After planting her first seeds at just 4 years old, the youngster soon moved on to grow everything from carrots to okra, squash, zucchini, and strawberries.
A 6-year-old's efforts to spread awareness about farming among her peers was honored by the city of South Fulton last month. According to 11 Alive, September 28 is now officially Kendall Rae Appreciation Day in the city in recognition of the young girl's mission is to teach other kids about where their food actually comes from. Kendall, who made history as the youngest certified farmer in the state of Georgia, is said to have first caught her green thumb from her great-grandmother Laura "Kate" Williams. After planting her first seeds at just 4 years old, the youngster soon moved on to grow everything from carrots to okra, squash, zucchini, and strawberries.
"She started out in a patio garden and the patio garden grew from a little bitty something to, by the time her fourth birthday came, we had a full-fledged garden in our backyard," Kendall's mother, Ursula Johnson, told Good Morning America. "And then we moved, and now she has a farm." Kendall, who is homeschooled by her mom, starts every day in the backyard after suiting up in boots, her work gloves, and all of her gardening tools. She also always has a smile on her face when working in her garden.
"The very first time we took her to go seed shopping, she spent $200! Whose kid does that?" Ursula revealed. "She started to see it go from a seed to a plant, and then die and come back. She saw the plant life cycle of that and was like, wow... She gets back here and she just explores. She will have a question like, 'I saw this bug. What does it do? She's fascinated by it. So if she wants to do it, we are going to be her support."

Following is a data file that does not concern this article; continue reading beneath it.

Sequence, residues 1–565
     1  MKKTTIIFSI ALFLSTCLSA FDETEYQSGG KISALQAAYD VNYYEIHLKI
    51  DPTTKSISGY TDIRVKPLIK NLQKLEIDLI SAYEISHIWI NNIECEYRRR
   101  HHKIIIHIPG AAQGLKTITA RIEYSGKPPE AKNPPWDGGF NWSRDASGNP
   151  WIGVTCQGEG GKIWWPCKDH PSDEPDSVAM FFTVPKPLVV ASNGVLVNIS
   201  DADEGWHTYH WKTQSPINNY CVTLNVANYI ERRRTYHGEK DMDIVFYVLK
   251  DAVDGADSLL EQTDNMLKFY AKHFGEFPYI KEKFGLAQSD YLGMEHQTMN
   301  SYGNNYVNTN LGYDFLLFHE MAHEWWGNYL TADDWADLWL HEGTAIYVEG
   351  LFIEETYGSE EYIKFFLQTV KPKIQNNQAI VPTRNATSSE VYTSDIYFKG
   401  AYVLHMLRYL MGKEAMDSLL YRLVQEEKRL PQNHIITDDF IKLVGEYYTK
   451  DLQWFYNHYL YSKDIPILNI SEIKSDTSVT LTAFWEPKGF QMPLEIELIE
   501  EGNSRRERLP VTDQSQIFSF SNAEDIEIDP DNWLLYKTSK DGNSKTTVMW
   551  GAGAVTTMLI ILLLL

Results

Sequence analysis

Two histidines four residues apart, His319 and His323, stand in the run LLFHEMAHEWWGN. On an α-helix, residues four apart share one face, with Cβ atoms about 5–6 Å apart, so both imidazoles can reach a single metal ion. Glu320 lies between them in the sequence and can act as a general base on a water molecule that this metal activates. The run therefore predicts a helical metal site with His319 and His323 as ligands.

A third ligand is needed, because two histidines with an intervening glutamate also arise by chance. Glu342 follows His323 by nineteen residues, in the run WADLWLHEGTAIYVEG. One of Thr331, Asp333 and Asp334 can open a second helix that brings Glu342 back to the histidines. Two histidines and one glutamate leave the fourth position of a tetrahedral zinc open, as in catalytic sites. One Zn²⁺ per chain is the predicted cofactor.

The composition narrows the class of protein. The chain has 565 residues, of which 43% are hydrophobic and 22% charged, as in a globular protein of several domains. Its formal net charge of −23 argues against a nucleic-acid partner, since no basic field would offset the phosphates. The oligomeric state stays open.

Along with working in her garden, Kendall has dedicated herself to sharing her love for farming with others her age. She runs a monthly gardening club, where families help her harvest, plant, and produce subscription food boxes. Additionally, after being discovered online by Georgia state Rep. Mandisha Thomas online, the youngster has made speaking appearances at press conferences in support of young farmers in South Fulton. Kendall helped raise $85,000 for the cause and is now hoping to raise $10,000 for an outdoor agricultural science lab to begin composting. "It has a big feeling in my heart. In my heart is the garden. The garden is special to me," she said.
"When you go to these meetings and you go to these conferences and things of that nature, nine times out of 10 you won't see anyone as young as Kendall there," Ursula said. "It was so important and so inspiring that they invited her to just come, sit in, listen even if she doesn't understand what is going on." She added that her daughter — who is also the youngest Black farmer in the state of Georgia — is the embodiment of young entrepreneurship and the future of Black farmers. According to the U.S. Department of Agriculture, only 2% of all the farmers in the field are Black. Agriculture is also one of Georgia's largest industries.
To become a certified farmer, Kendall received her business entity at the state and federal level under the name "aGROWKulture." She also became a member of a number of farming organizations, including Georgia Grown, a division of Georgia's Department of Agriculture, and the Georgia Farm Bureau. As an official farmer, she can now apply for grants, scholarships, and purchase land under her business. However, at the end of the day, Kendall said her main goal is to "make new friends, make new things and inspire other kids."